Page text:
Chemical composition
Mn
Zn
Cr
Ni
Pb
Sn
Proportion (%)
0.132
0.0983
0.0682
0.0056
0.005
<0.001

The bending experiments were performed under curvature-controlled conditions and curvatures were applied at loading curvature rates of 0.03 m-1/s. The two load cells installed in the testing apparatus (Fig. 2(a)) were used to measure the bending moment. Moreover, the light-weight instrument (Fig. 2(b)) was used to measure the curvature and ovalization of the tube cross-section.

Fig. 3. a) A Schematic drawing of a tube with a sharp-cut depth of a, b) a picture of the tested 6061-T6 aluminum alloy tubes with different cut depths

 a) A Schematic drawing of a tube with a sharp-cut depth of a, b) a picture  of the tested 6061-T6 aluminum alloy tubes with different cut depths

a)

 a) A Schematic drawing of a tube with a sharp-cut depth of a, b) a picture  of the tested 6061-T6 aluminum alloy tubes with different cut depths

b)

3. Finite element analysis

A uniaxial cyclic stress-strain curve was constructed multilinearly in ANSYS shown in Fig. 4(b) according to the tested uniaxial cyclic stress-strain curve for 6061-T6 aluminum alloy shown in Fig. 4(a). Additionally, the kinematic hardening rule was used for cyclic loading.

Fig. 4. (a) Tested and (b) ANSYS constructed data of the uniaxial cyclic stress-strain curves for 6061-T6 aluminum alloy

 (a) Tested and (b) ANSYS constructed data of the uniaxial  cyclic stress-strain curves for 6061-T6 aluminum alloy

a)

 (a) Tested and (b) ANSYS constructed data of the uniaxial  cyclic stress-strain curves for 6061-T6 aluminum alloy

b)

Owing to the three-dimensional geometry and elastoplastic deformation of the tube, the SOLID 185 element was used for relative analysis. This element is a tetrahedral element built in ANSYS, which is suitable for analyzing plastic and large deformations. In particular, this element is adequate for analyzing shell components subjected to bending. Moreover, owing to the right-left symmetry, only half of the tube model was constructed. Fig. 5 shows the mesh constructed by ANSYS.

Fig. 5. Mesh constructed by ANSYS for half tube

Mesh constructed by ANSYS for half tube

Fig. 6(a) shows the restrictions on the symmetrical plane (central cross section), constructed by ANSYS, for a tube subjected to cyclic bending. Since the tubes were bent in the z-direction only, the frictionless roller support was fixed to the symmetrical plane and the displacement in the z-direction of this plane was set to zero. Fig. 6(b) shows the loading condition constructed by ANSYS on the basis of the tube bending device. As the figure shows, the remote displacement in the z-direction was unrestricted, i.e., the rotation was free to move in the z-direction. In addition, the bending moment was applied only in the z-direction and hence, the rotations in the x- and y-directions were set to zero.

Fig. 6. a) Restrictions on the symmetrical plane constructed by ANSYS, b) loading condition constructed by ANSYS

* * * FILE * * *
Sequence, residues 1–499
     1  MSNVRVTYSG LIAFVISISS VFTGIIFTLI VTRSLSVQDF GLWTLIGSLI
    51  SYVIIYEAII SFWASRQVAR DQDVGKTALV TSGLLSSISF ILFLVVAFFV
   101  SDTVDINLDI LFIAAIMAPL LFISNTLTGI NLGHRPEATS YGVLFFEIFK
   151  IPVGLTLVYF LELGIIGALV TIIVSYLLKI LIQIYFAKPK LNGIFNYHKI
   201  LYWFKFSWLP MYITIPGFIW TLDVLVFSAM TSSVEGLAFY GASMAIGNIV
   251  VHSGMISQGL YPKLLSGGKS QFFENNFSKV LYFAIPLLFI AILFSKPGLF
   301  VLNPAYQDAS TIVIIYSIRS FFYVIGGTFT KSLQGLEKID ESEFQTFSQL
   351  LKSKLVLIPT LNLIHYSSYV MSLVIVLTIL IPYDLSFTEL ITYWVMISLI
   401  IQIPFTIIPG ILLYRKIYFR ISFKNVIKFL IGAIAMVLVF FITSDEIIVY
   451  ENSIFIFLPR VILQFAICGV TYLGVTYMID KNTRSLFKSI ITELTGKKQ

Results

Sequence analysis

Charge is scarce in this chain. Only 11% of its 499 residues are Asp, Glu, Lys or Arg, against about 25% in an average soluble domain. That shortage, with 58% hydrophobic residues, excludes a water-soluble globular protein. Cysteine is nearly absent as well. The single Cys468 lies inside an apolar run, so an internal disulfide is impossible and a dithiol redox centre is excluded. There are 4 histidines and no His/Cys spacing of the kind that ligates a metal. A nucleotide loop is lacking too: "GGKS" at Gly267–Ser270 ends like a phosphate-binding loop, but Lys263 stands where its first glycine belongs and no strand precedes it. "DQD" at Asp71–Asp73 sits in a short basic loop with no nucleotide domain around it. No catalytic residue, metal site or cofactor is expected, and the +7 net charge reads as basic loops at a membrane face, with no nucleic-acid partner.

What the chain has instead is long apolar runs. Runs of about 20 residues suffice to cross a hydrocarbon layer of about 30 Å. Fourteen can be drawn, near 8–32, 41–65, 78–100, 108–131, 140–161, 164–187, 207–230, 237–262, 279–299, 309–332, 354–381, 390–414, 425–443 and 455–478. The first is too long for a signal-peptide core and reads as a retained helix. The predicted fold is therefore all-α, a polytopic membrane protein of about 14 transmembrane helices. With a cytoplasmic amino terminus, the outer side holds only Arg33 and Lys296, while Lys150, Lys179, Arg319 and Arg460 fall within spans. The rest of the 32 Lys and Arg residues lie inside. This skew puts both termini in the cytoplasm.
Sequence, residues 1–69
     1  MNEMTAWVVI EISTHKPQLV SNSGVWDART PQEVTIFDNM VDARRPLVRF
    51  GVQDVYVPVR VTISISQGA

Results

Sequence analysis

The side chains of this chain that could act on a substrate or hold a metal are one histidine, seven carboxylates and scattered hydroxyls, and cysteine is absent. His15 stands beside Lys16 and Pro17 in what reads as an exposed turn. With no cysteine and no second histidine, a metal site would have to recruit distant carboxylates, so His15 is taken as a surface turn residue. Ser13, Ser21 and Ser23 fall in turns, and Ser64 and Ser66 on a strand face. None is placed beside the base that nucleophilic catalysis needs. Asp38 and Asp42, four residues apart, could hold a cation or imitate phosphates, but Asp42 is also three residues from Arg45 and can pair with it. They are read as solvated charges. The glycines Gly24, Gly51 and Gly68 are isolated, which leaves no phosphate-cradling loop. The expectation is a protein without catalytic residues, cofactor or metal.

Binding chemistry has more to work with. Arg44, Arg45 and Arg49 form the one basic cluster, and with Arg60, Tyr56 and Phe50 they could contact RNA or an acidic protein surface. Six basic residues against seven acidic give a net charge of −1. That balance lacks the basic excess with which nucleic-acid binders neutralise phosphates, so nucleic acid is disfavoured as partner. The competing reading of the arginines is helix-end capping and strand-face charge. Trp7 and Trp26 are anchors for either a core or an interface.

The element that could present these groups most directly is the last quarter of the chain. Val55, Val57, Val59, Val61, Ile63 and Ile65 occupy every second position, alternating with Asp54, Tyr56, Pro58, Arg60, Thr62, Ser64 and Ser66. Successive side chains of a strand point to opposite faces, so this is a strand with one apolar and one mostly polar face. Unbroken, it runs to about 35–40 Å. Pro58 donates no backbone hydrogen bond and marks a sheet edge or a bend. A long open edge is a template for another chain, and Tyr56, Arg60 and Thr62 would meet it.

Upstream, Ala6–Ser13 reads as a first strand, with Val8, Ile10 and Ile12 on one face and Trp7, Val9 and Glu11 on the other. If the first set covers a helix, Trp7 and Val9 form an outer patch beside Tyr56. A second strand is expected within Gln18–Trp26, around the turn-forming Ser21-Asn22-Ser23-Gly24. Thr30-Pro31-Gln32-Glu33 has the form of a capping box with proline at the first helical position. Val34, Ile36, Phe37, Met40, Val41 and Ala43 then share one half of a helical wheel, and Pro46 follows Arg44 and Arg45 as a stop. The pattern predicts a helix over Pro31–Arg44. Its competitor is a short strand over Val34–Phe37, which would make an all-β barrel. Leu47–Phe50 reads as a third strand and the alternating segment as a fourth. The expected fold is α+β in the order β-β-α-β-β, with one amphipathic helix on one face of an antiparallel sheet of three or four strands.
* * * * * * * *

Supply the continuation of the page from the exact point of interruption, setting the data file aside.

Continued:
a) Restrictions on the symmetrical plane constructed by ANSYS,  b) loading condition constructed by ANSYS

a)

a) Restrictions on the symmetrical plane constructed by ANSYS,  b) loading condition constructed by ANSYS

b)

The rotation angle θ in the z-direction (Fig. 7) was used as the input data for the tube subjected to curvature-controlled cyclic bending and is related to the curvature κ through:

(1)
κ = 1 ρ = 2 θ L o ,

where ρ is the radius of curvature and Lo is the original tube length.

Fig. 7. Relationship between rotating angle θ and curvature κ for a tube under pure bending

Relationship between rotating angle θ and curvature κ for a tube under pure bending

4. Comparison of the experimental and ANSYS analysis results

Fig. 8(a) shows a typical set of experimentally determined cyclic moment (M/Mo)-curvature (κ/κo) curves for local sharp-cut 6061-T6 aluminum alloy tubes, with cut depth of a= 0.4 mm, subjected to cyclic bending. The moment and curvature were normalized by Mo=σoDo2t and κo=t/Do2, respectively (Corona and Kyriakides [3, 4]). The tubes were cycled between κ/κo= ±0.16. However, the M/Mo-κ/κo response was seen to be characterized by a nearly closed and steady hysteresis loop from the first cycle. Since the sharp cut is small and local, the cut depth has almost no influence on the M/Mo-κ/κo curve. Therefore, the M/Mo-κ/κo curves for different values of a are not shown in this paper. Fig. 8(b) shows the M/Mo-κ/κo curve, as simulated by ANSYS. Since ANSYS cannot simulate the cyclic hardening, the cyclic M/Mo-κ/κo curve consists of only a single loop.

Fig. 8. a) Experimental and b) ANSYS simulated moment (M/Mo) – curvature (κ/κo) curves for local sharp-cut 6061-T6 aluminum alloy tubes under cyclic bending with a= 0.4 mm

a) Experimental and b) ANSYS simulated moment (M/Mo) – curvature (κ/κo) curves  for local sharp-cut 6061-T6 aluminum alloy tubes under cyclic bending with a= 0.4 mm

a)

a) Experimental and b) ANSYS simulated moment (M/Mo) – curvature (κ/κo) curves  for local sharp-cut 6061-T6 aluminum alloy tubes under cyclic bending with a= 0.4 mm

b)